I fished at Saratoga Lake on the evening of the 9th and the 11th. I have never fished more than a few casts in Saratoga Lake before these outings.
On the first day, it seemed as though the fish were really biting at certain spots, and not so much at others. I was excited to catch a few rock bass because I have not seen one of those in many years. They have intense red eyes. I caught one as a little kid and I cried hysterically until somebody unhooked it for me. At the time it looked like like a devil fish come up from the fiery pits of hell. I have to admit that a very small feeling of lingering fear of these fish remains to this day.
I caught a few small and medium-sized largemouth bass.
Towards sunset, I found an area where lots of smallmouth bass were biting every other cast. Some were tiny, and some were probably around 12 inches or so. I rarely encounter smallmouth bass. I have always heard that they are mean fighters. “Pound for pound, smallmouth bass are some of the strongest fighters of any fish”. These fish were insane, including the small ones. The fish would leap into the air repeatedly on their way towards the boat. I worried that they were going to leap into the boat. I was using a Rapala Shad Rap which has two sets of treble hooks, which proved to be way too much for these fish. While one hook was properly in the fish’s lip, they thrashed about so much that one or two of them were injured pretty badly by the extra treble hooks that were not on their lip. One managed to put a two-inch gash in it’s belly. It caught me off guard because I catch all kinds of fish on this lure, and I’ve never seen anything like this happen before but now I realize that if I am catching smallmouth bass, then I need to do something different. I could use a different lure, or perhaps remove one of the treble hooks. The fish were still thrashing around as I tried to remove the hooks making the whole process dangerous for me and the fish alike.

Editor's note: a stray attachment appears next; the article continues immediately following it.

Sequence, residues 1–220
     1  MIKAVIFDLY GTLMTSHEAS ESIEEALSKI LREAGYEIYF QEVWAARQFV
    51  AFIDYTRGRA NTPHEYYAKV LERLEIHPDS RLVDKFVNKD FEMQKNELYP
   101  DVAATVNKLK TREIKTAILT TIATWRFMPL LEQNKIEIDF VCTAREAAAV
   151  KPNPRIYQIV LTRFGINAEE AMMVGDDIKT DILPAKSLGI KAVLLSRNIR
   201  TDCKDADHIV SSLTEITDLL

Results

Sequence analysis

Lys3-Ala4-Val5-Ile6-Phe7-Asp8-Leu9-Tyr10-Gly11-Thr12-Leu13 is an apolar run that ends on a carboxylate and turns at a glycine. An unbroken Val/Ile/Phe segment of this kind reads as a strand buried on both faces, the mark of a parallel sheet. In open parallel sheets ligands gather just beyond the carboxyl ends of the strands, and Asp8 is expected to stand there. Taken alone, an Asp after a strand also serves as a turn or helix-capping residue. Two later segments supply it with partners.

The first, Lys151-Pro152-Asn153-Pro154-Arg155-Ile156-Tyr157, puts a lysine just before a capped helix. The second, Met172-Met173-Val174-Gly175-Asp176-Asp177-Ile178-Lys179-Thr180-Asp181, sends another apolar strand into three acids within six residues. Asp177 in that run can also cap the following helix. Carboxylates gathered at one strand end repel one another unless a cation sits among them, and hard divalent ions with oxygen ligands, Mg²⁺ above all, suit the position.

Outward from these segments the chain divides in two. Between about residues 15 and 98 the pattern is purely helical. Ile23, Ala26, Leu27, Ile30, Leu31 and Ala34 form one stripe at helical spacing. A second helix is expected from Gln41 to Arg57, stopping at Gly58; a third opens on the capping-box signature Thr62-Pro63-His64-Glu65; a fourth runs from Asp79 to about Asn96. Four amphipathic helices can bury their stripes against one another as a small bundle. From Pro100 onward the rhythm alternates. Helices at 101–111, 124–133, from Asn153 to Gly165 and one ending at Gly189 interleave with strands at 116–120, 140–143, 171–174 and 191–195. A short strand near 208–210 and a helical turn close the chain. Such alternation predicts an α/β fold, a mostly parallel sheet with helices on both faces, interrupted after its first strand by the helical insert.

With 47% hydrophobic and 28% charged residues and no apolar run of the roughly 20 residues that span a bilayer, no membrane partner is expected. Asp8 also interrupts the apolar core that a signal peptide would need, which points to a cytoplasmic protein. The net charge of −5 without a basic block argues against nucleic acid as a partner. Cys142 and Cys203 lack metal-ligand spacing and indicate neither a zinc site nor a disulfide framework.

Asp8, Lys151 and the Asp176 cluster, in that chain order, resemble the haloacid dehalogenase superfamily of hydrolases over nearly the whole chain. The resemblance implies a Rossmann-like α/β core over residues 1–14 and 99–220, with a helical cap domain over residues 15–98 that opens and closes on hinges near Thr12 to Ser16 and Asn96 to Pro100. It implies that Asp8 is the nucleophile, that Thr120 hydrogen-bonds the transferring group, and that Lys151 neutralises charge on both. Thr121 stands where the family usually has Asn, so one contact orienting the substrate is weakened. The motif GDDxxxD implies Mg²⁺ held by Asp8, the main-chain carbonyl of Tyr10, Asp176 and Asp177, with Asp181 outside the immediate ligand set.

The second day was very windy, and the waves were rough. Occasionally a well-timed wave would wash over the top of the kayak, adding a few pounds of water to the boat each time. I thought about turning back and finding a calmer spot for fear that I was going to swamp the boat and lose my equipment, but I stuck it out. Luckily I stayed afloat.
This time around I removed one of the treble hooks from my favorite lure in order to avoid the problems that I had on the first day. The fish weren’t really biting besides a few tiny little guys. Then again, I wasn’t as focused on fishing as much as usual due to the rough water.
The barometric pressure for the two days would suggest that the first day should have been pretty good (relatively stable, low pressure), and the second day should have been bad (rising pressure). This seemed to be the case.